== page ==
From Publishers Weekly
Copyright 1992 Cahners Business Information, Inc.
Ms. Snell enters day by day and week by week Faulkner's old hometown and that largely vanished South, and she records them more fully than any Faulkner biography has done. . . . Phil Stone can thus be read not simply as a biography of a minor character, but as a meditation on life and art and the curious interchanges by which the two become one.(New York Times Book Review)
Useful and entertaining . . . A sympathetic biography of a complex, popular small-town lawyer, a life worth reading.(Atlanta Journal-Constitution)
[Snell] makes the Oxford, Miss., of both men's childhood and young truly alive and intelligible. Stone's biographer can tell a tale: in depicting and explaining the community's economic ups and downs, its political and family intrigues, in recreating the back-porch gossip of Phil's and Bill's small university town and surrounding territory, and describing how in that idyllic summer before the Great War, Bill, Phil and the 'gang' that hung around the Carters and the Oldhams 'practiced idleness together,' she makes the actual as real as Faulkner's fiction.(Chicago Tribune)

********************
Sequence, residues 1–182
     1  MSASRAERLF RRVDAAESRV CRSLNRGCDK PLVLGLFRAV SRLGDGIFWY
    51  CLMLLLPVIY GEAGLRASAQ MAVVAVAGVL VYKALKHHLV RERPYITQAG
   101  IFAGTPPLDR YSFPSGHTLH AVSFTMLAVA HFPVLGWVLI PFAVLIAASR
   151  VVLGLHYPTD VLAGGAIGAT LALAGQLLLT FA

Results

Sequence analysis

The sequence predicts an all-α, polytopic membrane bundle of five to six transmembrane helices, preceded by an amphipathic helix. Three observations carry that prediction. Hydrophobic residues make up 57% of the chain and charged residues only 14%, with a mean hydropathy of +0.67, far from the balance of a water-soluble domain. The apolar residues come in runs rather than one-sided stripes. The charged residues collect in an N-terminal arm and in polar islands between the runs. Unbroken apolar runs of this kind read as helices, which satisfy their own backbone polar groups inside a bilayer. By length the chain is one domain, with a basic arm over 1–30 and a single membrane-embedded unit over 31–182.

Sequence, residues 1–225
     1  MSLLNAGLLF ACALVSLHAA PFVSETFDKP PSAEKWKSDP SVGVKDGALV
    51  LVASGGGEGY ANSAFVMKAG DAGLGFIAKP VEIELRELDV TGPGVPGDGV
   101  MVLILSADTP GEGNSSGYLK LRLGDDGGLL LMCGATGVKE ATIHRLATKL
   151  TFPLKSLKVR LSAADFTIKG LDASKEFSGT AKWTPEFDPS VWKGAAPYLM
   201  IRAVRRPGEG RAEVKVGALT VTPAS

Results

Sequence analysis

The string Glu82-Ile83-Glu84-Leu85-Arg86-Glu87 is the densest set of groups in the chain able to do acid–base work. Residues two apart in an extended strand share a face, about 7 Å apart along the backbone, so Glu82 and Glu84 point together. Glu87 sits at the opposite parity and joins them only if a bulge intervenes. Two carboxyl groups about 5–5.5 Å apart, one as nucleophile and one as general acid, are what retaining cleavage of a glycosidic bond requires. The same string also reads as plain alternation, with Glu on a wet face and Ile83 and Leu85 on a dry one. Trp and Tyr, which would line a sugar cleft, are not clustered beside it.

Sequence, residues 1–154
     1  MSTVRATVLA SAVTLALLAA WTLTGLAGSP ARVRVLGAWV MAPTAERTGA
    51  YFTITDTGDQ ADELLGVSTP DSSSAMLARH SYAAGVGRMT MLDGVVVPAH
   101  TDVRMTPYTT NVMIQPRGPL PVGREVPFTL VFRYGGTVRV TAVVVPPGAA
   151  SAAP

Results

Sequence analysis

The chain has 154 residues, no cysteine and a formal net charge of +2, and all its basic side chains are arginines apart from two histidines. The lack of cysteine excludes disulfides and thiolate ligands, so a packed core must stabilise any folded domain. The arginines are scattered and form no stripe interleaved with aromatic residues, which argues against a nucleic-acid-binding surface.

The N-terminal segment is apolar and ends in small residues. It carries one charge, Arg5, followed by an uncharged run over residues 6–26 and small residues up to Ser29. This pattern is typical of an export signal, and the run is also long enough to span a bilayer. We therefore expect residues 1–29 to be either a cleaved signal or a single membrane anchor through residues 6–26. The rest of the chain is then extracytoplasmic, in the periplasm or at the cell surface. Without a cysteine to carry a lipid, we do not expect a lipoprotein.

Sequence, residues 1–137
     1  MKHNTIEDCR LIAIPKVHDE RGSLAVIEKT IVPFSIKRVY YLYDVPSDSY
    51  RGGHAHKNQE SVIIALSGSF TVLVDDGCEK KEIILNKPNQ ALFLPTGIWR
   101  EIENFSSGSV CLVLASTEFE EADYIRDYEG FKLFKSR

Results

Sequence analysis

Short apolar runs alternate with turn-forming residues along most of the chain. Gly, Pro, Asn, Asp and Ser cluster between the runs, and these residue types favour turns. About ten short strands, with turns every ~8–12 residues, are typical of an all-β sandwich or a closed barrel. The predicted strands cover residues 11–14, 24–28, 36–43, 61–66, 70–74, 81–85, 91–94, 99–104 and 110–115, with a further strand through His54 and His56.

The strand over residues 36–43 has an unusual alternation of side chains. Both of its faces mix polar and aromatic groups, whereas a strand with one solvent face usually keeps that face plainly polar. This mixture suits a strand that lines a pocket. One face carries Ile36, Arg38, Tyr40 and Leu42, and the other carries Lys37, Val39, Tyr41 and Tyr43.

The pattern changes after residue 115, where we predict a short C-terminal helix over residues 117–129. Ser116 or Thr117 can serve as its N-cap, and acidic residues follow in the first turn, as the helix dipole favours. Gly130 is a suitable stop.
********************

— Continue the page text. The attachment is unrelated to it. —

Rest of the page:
A first-rate biography of a key person in William Faulkner's life.(America) --This text refers to an alternate Paperback edition.